Rob readjusts the exclusive claims of Christ in ways that fit the purposes of his premise, yet again fails to offer any research evidence or quotes from other Biblical Scholars.

      I could continue on this conversation about Rob's book but I will continue to come to the conclusion that he asks good, hard questions that are worth wrestling with but his conclusions are wrong and dangerous.  With Rob's form of the Gospel, there is little to no motivation for missions, since in the end all will eventually turn to God.  There is also no real sense of being saved from anything because even if we are in a literal torment for "awhile" eventually, my eternal experience will end with bliss in Heaven.  There is also a neglect of realizing Satan and his power to manipulate our lives, althought Rob would say he makes "hell on earth" which is true, but why would he bother just to make our short mortal lives hell if he could do it for eternity?  Rob's form of the Gospel robs the cross of its power and in so doing basically negates the need for Jesus to have even been here.

     Rob states that Jesus is central to what he is speaking about but I have to disagree.  I sadly hang my hat here.  I like Rob Bell and enjoy his challenging questions from all of his literature, so to hear him speak of heaven and hell in these ways saddens me.  I will not say as John Piper has said: "Farewell Rob Bell" because I think there is hope he may see his errors but this book did make me sad because of the theories and conclusions Rob has come to.

      Lastly, if you decide to read this book, read it alongside of someone else who can help you when you find yourself struggling with what Rob discusses.  Seek out s friend to walk and talk with about it.  Do not walk the streets of questions alone because it can be dangerous.  Ask, Seek and Knock for these are good things, but do them with a friend to make the experience better!


    Matt said...

    Thanks for reading the book before you made up your mind about Bell's treatise. I haven't read it yet, however every TV interview I've watched has been painful and made me say... "Ohhh, Rob... why?" I too like Bell and have enjoyed his books and teaching, but from what I have seen hear (yet not read) he crosses the line here.

    Marv Nelson said...

    Matt, thanks for reading and responding. I respect Bell too much to not read it first, because the same type of flair was in the wake of people reading Velvet Elvis and that was all people making something out of little to nothing. Sadly he does cross the line. If you read it, I would be happy to hear what you think.

    matt said...

    Great post! I really appreciate your last paragraph. Im afraid that our youth at my church may read this book and get sucked into Robs teaching, just because he is a pastor, and they've grown up being taught that everything a pastor says is correct. Which is good depending on the Pastor, but tough when it comes to a situation like this one. I need to pray for his church body who is following him.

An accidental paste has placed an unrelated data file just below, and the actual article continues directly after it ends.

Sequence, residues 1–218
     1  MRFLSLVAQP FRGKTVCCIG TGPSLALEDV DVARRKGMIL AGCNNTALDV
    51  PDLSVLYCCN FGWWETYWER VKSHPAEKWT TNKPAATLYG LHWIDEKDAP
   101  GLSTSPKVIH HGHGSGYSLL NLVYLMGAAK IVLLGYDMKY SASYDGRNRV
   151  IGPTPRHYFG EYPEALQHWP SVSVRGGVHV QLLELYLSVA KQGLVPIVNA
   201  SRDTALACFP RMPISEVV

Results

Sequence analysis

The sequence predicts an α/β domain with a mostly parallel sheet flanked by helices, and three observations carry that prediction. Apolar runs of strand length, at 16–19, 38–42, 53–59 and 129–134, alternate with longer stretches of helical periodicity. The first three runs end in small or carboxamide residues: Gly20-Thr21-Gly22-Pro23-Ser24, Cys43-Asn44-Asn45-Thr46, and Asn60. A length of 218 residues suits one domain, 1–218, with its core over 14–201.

Angela said...

    Great blog. I think that there has been a great big deal made out of a lot of hogwash. This guy really does seem to be following the feel good approach which is sad because I too loved his books. It is very challenging because I work with de/unchurched people. Many of them buy into the idea that hell doesn't even exist. Now I fear this will head up a movement that embraces such beliefs with more power than before. Just what the devil needs. If there is no war of good against evil then what reason would there be to not do the things that Christians consider sin? Is "sin" really not just a ploy by the church to control the world? etc etc... I can hear the questions now.

    Brian Kirk said...

    Marv, thanks for the thoughtful review. It's helpful for me to get several perspectives on this text before reading it myself. You have certainly done a good job framing for me just why this book is causing something of a stir. Peace!

    Marv Nelson said...

    @Matt, thanks. I too am afraid for our youth because this teaching is unbiblical and it is being touted as biblical through the gymnastics he takes. It can and I believe will lead many away from the reality of the consequences towards sin. I fear that High Schoolers and College students will be the ones who turn away the fastest

    @Angela, thanks for your thoughts and reflection.

    @Brian Thanks for reading the review and commenting. I would love to chat with you after you read it. I think it could prove to be a good discussion!

    Ray said...

    Nice work on your review. Can I borrow the book so I don't have to give Bell any of my money? Thanks bro.

    Marv Nelson said...

    I bought the ebook...so I can't really lend it out...sorry bro.

    Brett Gee 英 明 said...

    You say,

    "He says that due to God's desire for the whole world to be saved, God will make it happen, despite people's choice to ignore God in their lifetime. Rob thinks that God would be a mean and ungracious God if he were to send people to an eternal hell for the sins of their short mortal lives."